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Mirage, that sounds... light. Airy. Like a cool breeze on a hot summer day. A fata morgana in the desert heat. A daydream... until the big dude with the giant axe chops you in two. So you just died. Again. What a bloody mess. Mirage: Arcane Warfare, the latest multiplayer brawler from Chivalry developers Torn Banner Studios, may be a lot of things, but "light and airy" is definitely not one of them.

Choosing from six varied classes with different weapons and skills, you set out to decorate 27 different maps with severed limbs and the blood of your foes. Mirage's gritty oriental fantasy world with its djinn and outlandish, tattoed soldiers definitely feels like it has more character than Chivalry's medieval knights and, well, knights. However, you shouldn't be distracted by the game's rather beautiful stages, as simply staying alive requires full concentration.

Using three kind of attacks with different speed and power requires a certain amount of practice. Frantic clicking won't help unless you want to be known as "that teamkilling noob", and things like successful blocks allow you to riposte slightly faster. There's a real sense of weight and risk when you're trading blows with your enemies, but sadly this comes at the cost of a steep learning curve. Prepare to die often, and learn from your mistakes.

Speaking of mistakes, Mirage isn't exactly a well-balanced affair. When you're fighting a single opponent, it comes down to skill, but few players stand a chance when faced with two foes. Doesn't mean that this doesn't make for some incredible, tense fights, but it's something to take into account. Most game objectives require good teamplay, and lone wolves certainly won't come very far.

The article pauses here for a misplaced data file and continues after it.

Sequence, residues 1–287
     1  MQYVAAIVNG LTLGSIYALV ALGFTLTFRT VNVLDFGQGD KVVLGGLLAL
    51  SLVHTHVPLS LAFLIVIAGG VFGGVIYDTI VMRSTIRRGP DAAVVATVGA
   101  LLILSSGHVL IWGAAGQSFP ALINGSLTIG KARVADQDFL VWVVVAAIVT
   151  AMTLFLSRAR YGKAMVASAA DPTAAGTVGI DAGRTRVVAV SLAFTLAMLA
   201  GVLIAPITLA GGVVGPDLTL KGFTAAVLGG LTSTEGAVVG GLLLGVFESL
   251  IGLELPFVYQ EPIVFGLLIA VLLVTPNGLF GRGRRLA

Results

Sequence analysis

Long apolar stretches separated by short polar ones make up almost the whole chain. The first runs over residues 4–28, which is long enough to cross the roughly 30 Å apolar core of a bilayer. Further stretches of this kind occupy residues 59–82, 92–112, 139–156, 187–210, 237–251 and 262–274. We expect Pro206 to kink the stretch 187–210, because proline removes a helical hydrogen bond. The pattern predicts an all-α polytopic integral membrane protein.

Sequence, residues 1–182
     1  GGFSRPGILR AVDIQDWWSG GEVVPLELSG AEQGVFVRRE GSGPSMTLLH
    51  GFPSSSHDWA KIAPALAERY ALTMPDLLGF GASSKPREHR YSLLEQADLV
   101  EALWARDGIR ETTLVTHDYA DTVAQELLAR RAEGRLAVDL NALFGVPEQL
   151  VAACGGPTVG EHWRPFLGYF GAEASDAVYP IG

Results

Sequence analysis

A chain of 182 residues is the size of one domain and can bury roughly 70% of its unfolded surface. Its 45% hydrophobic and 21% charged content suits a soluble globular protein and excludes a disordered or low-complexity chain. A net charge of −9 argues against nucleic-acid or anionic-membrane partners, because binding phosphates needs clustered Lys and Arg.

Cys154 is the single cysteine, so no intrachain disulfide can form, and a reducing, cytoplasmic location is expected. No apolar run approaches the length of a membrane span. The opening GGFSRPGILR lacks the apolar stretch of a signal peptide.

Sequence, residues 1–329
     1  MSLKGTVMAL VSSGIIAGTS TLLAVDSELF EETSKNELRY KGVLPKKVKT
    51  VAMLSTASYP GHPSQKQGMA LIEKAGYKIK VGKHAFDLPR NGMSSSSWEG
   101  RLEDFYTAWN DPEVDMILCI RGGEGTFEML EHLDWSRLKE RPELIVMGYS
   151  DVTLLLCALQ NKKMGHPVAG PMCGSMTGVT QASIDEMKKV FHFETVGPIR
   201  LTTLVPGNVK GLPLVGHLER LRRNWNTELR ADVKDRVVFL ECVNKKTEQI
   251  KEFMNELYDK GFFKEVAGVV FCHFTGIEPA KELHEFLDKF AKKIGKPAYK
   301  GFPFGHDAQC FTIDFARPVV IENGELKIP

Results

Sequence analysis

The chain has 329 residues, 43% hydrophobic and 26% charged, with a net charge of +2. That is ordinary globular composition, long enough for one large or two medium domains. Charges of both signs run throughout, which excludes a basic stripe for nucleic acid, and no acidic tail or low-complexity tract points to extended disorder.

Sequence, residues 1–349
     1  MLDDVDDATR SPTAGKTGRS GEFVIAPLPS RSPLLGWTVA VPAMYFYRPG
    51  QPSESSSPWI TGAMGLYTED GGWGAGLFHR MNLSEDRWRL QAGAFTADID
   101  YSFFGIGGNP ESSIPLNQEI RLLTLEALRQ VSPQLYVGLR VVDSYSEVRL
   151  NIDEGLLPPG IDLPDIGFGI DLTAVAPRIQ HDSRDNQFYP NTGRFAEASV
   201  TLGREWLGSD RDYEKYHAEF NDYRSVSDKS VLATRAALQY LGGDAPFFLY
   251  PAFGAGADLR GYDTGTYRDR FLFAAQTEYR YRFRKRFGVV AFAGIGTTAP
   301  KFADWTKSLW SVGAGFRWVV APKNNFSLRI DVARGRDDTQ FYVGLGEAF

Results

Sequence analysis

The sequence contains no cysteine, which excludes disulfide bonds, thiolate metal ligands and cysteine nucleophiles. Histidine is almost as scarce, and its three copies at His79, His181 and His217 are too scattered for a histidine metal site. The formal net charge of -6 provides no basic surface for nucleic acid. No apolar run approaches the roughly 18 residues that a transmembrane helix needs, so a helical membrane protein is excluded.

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The game also randomly rewards you with items after each match. These rewards are only cosmetic in nature and don't make that much of a difference, but they certainly soften the blow of frustrating, repeated defeats early on.

From huge, brawny berserkers to djinns sweeping around the battlefield on their magic carpets, from battles in inner city streets to fights in the palace, the setting of Mirage is truly magical. If you manage to stick around for a while, it is a pleasure to play despite its learning curve.

Compared with its older brother, Chivalry, the current player count feels light, even sparse. However, there's usually at least one game in full swing on your regional server. Even if Mirage doesn't find the roaring success of its predecessor, it improves on it in a lot of ways and is a good, even great, multiplayer title overall.

You can purchase Mirage: Arcane Warfare from Steam or the Humble Store for $26.99. For more information, visit the game's website or follow developer Torn Banner Studios on Facebook and Twitter.